Change Your Life For Only $2.99!

I have in hand a copy of OK! Magazine. Now I could lie and tell you I bought it for my daughter, because I’m going to give it to her this weekend when we visit her in Boston…but you know that’s a lie, ’cause I just told you.

I confess. I read People. I read Us. And Vanity Fair and InStyle. And Time and Newsweek, too, but their gossip section is not their strong suit. Because I am someone who rarely watches TV, I must stay au courant somehow. Without watching one step, I know Emmitt Smith won “Dancing with the Stars.” And that Evangeline Lilly (what a gorgeous name) is now homeless because her house burned down in Hawaii. Have I ever seen “Lost?” Sadly, no

So I’ve indulged in a guilty reading pleasure, but there was a nugget of nutrition in this issue that I want to share with you. There are ten remarkably remarkable and easy steps to transform your life. Never let it be said that my shelling out $2.99 was in vain. Red is OK!’s wisdom, black is mine.

1. Team up. Friends, just say no to chocolate, yes to expanding your word count together.
2. Take a breather. That’s right. Just stop and breathe deeply and chant whatever you wish. You know what I’m chanting. 😉 Maggie Robinson Means Romance. I am a legend in my own mind. I am a legend in your own mind.
3. Drink up. That’s water, silly, and lots of it.
4. Add fruit. An apple a day, a pomegranate a day, whatever.
5.Be grateful. For big or small things. We’ve all got more positives than negatives.
6.Leave room. My grandmother always said a lady never finishes all that’s on her plate. My mother said children in China are starving, so eat up. Listen to Granny. Sorry, Mom.
7.Start with one. Each journey begins with a single step…a word, a sentence, a paragraph, a page, a chapter. Set bite-size goals and pretty soon you’ll have a book.
8. Get some rest. Did you know when you’re tired you “snack recklessly?” Now you do.
9. Think positive. Be the little engine that could.
10. Love yourself. And we’re not talking vibrator. Take care of yourself so you’ll be ready to take care of everybody else.

There. Now all our lives will be perfect in 2007. Can you think of a good #11?

Virgin or Vixen?

“Damnation! You’re a little witch. You know how much I want you, have wanted you since I first saw you at the Chapel Royal all those years ago.”
Eleanor wrinkled her faintly freckled nose. “I’m not sure that’s acceptable. She might have to rethink that. There’s a taint of obsession to it, and it’s not entirely natural. You’re a good twelve years older than I am.”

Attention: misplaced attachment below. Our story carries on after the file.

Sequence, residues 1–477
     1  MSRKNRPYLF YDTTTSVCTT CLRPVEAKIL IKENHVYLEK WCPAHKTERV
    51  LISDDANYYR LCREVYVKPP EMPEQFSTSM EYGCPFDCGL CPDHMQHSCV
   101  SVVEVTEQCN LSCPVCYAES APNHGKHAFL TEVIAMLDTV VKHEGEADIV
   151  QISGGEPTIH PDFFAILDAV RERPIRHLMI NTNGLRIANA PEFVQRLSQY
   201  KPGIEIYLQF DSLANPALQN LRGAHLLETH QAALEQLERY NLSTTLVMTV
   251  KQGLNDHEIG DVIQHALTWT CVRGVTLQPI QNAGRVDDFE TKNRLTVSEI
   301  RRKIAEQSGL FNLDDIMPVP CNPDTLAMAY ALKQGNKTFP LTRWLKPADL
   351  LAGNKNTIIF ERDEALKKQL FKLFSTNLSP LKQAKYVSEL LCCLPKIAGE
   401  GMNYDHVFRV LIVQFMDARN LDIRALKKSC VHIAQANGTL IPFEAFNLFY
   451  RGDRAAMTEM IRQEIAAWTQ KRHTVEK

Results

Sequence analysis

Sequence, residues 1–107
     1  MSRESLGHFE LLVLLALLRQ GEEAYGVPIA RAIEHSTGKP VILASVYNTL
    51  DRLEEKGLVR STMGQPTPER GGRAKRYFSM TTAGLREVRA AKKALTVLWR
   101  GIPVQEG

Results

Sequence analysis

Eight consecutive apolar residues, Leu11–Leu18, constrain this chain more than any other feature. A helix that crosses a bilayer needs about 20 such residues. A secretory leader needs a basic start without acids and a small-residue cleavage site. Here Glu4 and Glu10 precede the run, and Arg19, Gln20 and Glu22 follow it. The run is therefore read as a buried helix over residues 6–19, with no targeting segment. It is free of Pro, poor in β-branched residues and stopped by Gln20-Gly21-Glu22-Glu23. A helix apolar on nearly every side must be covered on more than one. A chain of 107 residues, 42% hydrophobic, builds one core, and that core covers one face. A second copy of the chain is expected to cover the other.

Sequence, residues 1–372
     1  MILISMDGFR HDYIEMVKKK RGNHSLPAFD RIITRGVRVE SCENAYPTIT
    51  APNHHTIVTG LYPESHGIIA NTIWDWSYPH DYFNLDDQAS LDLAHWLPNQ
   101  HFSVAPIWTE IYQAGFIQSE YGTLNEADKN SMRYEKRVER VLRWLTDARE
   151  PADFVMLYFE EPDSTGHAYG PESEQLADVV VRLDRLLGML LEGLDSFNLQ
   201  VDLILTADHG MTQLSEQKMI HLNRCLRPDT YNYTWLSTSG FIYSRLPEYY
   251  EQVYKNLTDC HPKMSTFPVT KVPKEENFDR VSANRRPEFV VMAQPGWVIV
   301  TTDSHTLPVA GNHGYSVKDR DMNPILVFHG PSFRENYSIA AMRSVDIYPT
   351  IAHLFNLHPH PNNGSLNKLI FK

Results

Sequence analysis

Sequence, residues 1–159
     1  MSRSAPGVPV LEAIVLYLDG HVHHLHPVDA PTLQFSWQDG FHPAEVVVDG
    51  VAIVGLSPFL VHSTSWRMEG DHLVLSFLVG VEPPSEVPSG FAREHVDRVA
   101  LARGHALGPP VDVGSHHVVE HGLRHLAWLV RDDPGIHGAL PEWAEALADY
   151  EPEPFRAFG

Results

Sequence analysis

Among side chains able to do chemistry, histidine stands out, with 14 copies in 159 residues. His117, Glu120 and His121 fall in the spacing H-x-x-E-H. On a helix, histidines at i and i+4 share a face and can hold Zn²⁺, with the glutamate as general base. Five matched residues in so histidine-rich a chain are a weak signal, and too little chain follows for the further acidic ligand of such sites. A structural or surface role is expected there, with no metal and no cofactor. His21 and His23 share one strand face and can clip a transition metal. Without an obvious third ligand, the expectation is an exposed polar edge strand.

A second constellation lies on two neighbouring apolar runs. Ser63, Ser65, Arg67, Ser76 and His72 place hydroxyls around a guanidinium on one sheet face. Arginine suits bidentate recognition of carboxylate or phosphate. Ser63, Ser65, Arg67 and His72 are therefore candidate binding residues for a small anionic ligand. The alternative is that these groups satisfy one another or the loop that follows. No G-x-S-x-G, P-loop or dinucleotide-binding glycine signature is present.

“So, I was twenty and you were eight. What does it signify? I knew from the first we were fated to be together.” Lionel ran his fingers through his hair in exasperation. If an ordinary man did such a thing, it would stick up every which way, but he only succeeded in making himself look even more handsome, if that were possible.

The above scene is from my WIP, Third-Rate Romance. As you can probably tell, it’s a spoof of some of our favorite romance clichés. The Regency protagonists, Lady Eleanor and Lionel, the Duke of Cleves (who doubles as the spy The Bluejay—and isn’t he beyond irritated that The Hawk and The Falcon are already taken) are conversing as they wait to be written into another ridiculous or anatomically incorrect position.

Their poor aspiring middle-aged author (Huh? What’s that you say about a roman a clef?) is in the middle of three different books. Her characters can’t wait for her to leave her computer so they can behave, or misbehave, as they wish. Just as she has influence over them, they decide to get her out of their hair and get themselves published.

The young virgin-older rake scenario remains ever popular, despite what happened to Diana and Charles. Much was made recently over the age difference between Josie and the Earl of Mayne in Eloisa James’ perfect, pleasure-inducing Pleasure for Pleasure. Ms. James made a convincing case that fresh, tart-tongued Josie cleansed Mayne’s jaded palate. But the innocent heroine-worldly hero trope of historical romance has driven some authors to write contemporaries. The lady can have a “past” and not suffer for it.